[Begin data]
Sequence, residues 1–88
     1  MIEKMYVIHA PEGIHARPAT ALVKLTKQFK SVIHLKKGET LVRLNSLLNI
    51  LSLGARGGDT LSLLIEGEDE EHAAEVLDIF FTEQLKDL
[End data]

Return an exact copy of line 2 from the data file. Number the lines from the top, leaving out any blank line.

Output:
     1  MIEKMYVIHA PEGIHARPAT ALVKLTKQFK SVIHLKKGET LVRLNSLLNI